Tough drug laws may have limits
It's hardly news that this country's war on drugs has bogged down with neither victory nor end in sight.
But recent news items are startling in the way they illustrate just how far the country is from having any real consensus on how to fight the war.
Late last week , House Speaker Newt Gingrich declared that the answer is to lock up for life those who take drugs across borders or produce drugs in commercial quantities. For second-time offenders, Gingrich says, the penalty should be execution.
But on Monday, a non-partisan research group declared that long mandatory sentences are less effective in reducing cocaine consumption than shorter sentences combined with aggressive enforcement and seizure of dealers' assets.
In addition, the Rand Corp. concludes that long mandatory sentences are less cost-effective than either shorter sentences or drug-treatment programs in reducing cocaine-related crime.
The reasoning and research behind Rand's conclusions are fairly complex, but part of the outcome stems from the extraordinarily high cost of keeping dealers in prison for lengthy periods.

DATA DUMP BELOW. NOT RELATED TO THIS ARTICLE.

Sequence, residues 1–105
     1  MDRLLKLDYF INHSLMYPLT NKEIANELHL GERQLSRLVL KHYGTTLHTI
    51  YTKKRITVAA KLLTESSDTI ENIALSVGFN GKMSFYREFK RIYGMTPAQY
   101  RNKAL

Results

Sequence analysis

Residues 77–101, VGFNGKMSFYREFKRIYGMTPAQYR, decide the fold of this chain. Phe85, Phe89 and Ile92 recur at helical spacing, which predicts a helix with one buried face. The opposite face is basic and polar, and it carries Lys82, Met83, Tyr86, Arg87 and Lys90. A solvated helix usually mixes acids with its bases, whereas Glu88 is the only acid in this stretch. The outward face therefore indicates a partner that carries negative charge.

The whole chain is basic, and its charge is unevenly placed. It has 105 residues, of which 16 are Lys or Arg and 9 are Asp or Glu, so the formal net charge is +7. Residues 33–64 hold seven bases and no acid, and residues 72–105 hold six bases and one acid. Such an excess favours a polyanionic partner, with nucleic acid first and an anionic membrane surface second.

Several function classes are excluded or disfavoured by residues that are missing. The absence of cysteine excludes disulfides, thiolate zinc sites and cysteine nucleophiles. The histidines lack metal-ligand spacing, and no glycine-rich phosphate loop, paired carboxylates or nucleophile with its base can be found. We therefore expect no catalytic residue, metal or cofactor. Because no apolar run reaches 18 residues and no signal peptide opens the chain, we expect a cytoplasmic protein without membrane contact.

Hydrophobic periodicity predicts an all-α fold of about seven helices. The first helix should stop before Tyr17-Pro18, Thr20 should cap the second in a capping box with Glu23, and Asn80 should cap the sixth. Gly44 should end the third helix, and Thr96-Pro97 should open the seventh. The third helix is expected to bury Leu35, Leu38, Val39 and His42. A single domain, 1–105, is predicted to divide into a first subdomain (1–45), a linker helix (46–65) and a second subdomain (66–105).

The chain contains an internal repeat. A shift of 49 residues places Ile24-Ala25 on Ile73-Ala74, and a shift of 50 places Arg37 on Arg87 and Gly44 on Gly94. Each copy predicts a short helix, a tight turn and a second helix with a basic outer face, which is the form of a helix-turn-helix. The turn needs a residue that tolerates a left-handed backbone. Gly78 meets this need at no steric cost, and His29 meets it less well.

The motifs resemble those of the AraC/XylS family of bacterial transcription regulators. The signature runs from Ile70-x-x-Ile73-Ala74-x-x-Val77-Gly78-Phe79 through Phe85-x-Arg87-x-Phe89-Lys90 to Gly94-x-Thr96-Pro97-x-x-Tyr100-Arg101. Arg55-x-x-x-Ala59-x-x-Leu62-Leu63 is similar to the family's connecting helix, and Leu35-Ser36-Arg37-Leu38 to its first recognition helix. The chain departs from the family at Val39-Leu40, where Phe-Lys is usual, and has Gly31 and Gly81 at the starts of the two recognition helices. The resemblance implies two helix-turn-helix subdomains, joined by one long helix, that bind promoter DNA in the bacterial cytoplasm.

This is not to suggest that Rand is necessarily correct, although its work, at first glance, seems more thorough and thoughtful than the speaker's.
The Daily Herald has long been wary of tougher mandatory sentences. That, in part, is because they rob the courts of judicial discretion. It is also, in part, because the sentences are adopted by legislators whose eagerness to please voters often exceeds their skill or interest in determining how effective the measures will be or whether they will spawn unintended consequences.
If other researchers produce work that runs counter to Rand's, then it, by all means, should also be weighed as part of the public-policy debate on drugs.
At the very least, however, the Rand Corp. …